A Date with Destiny
By Karen Byrom
A romantic short story from our archives
If only Min could see into her own future …
I sidle into the dining-room of Luffgate’s finest hotel just as the best man is finishing his speech. My makeshift mini marquee is to the right of the room – I’ll make a dive for it when he sits down.
My heart sinks slightly as I see the sweets’ table right next door to it. My swish satin sheets will be covered in small sticky fingerprints before the end of the evening. Oh, well…
Just as I try to make myself unobtrusive behind a pillar, the best man looks up from his notes, and his eye catches mine. He smiles and I blush – he is incredibly good looking.
I peek at the bridesmaids in their dresses of sky blue. Three are smiling at the jokes, but the pretty blonde at the end of the table keeps her eyes down. Her mouth trembles slightly.
I wonder if Mr Best Man is her boyfriend – but he’s a good bit older than her. Thirty-five if he’s a day. More likely to be the kilted usher at the next table. He’s looking almost as miserable as blondie, as he looks over at her, trying to catch her eye.
As the guests rise to their feet for the toast, I take the opportunity to slip into my tent, where the hotel staff have kindly left me a glass of champagne and a couple of canapés. I stuff them hungrily in my mouth, wondering wryly how I managed to get myself into this …
I bought a book about palm reading
It all started at work last year. We’d decided to raise money for the local hospice and some bright spark decided that, as well as the usual raffle and cake sale, we should have a fortune teller.
“Any volunteers?” Paula, our office manager asked brightly. “Min, you’d be ideal. You’re so tanned, and with your curly hair and bright eyes …”
“I am not dressing up as a gypsy,” I said firmly.
“But you will do it!” Paula clapped her hands and skipped away before I could protest further.
So I bought a book about palm-reading and set about practising on my family. All were unimpressed by the fact I could tell them so much about themselves apart from Gran.
“You’re just like my aunt Kitty,” she cackled as I held her wrinkled hand in mine and tried to convince her that a windfall was on its way. She had the ‘gift’, you know.”
“I never heard of Aunt Kitty,” I said, intrigued despite myself. “What happened to her?”
“Oh, they put her in the loony bin.” Political correctness was not one of Gran’s strong points. “My mum didn’t like to talk about her much.” Gran sighed and looked sad for a moment, then poked me hard in the ribs. “Better watch out they don’t do that to you.”
Turns out Gran was right. I did have a gift. Colleagues flocked to my desk and before I knew it I had agreed to attend a hen party in my guise as Madame Min.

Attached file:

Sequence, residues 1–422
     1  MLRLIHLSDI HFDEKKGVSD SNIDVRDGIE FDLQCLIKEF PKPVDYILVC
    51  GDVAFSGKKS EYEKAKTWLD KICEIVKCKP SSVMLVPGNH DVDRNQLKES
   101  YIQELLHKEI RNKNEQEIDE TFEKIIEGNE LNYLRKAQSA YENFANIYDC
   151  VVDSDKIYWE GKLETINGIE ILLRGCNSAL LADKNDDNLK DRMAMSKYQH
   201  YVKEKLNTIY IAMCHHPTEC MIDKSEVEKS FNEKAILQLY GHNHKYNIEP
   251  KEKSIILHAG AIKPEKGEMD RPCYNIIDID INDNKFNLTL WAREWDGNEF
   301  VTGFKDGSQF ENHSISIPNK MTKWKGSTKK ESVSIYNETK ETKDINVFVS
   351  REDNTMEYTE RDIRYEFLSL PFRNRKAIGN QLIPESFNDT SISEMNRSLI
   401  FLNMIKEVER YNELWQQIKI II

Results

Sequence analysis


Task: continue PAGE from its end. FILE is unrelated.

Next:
From there, my fame spread and soon I was being booked for parties of near strangers. By now I’d got wise and was charging for my services. But I couldn’t help feeling wistful as I told brides-to-be of the happiness that awaited them. My Mr Right had never come along despite the fact, as Gran often reminded me, that I was pushing 30.
Business is brisk
And now one of those brides has booked me for her wedding. I’ve barely sat down when my first customer slips shyly into the tent. From then on business is brisk.
An hour goes by and I’m hoping for a quick comfort break when “blondie” appears. She’s touched up her make-up, and her voice is challenging as she thrusts out her hand.
“Can you forecast a happy future for me, Madame Min?” she asks.
I recognise the bravado behind her smile. “I can’t promise anything,” I say. “You will have to take what comes.”
Intently I study the lines on her plump, fair hands.
“You are at a crossroads in your life,” I say softly. “There’s a big decision you have to make.”
She’s trying to give nothing away, but her eyes blink rapidly.
“There are two ways you can go. One will lead to short-term happiness – but there’s a break-up ahead if you demand too much sacrifice of your loved one; the other road is more challenging but more fulfilling in the end. I see travel, adventure, as I follow that line … and a man who loves you.”
“I have a man who loves me,” she says, snatching her hand away.
I take her hand back and make a show of looking perplexed. “Ah, yes! That is the man I see … follow him and he will never let you down. Your future happiness is assured.”
Great aunt Kitty would be proud
As I slip out for my comfort break at last, I see Blondie, deep in the embrace of the kilted usher I’d marked out earlier. They’re both smiling. Passing behind them, I hear the words “passport” and “Australia.”
She sounds a lot happier now than when I overheard her crying in the loos when I’d first arrived, confiding in her fellow bridesmaid about her selfish pig of a boyfriend. They’d both just finished uni and he wanted them to go travelling for a year. She wanted to settle down –the excitement of her sister’s nuptials had her hearing wedding bells – but he wanted to see the world first.
I can’t feel at all bad about my deception – they are obviously made for each other. Great aunt Kitty would be proud.
By the end of the night, my queue of clients has dried up. I lean back, exhausted, as I listen to the strains of the last dance.
What a surprise when the best man steps inside the tent. I didn’t see that coming!
I reach out for his hand, but he takes mine, turning it palm way round.
“I foresee a dance, Madame Min,” he says. “And maybe dinner in a few days to thank you for all you’ve done this evening?” He jerks his head towards blondie and her partner and I see a twinkle in his eye.
OK, so sometimes I need a little help in foretelling the future. But I’m sure of one thing right now. I am going to dance with him and have dinner with him.
As for the future, who knows? Not me, but I’m guessing my happy ending has finally arrived.
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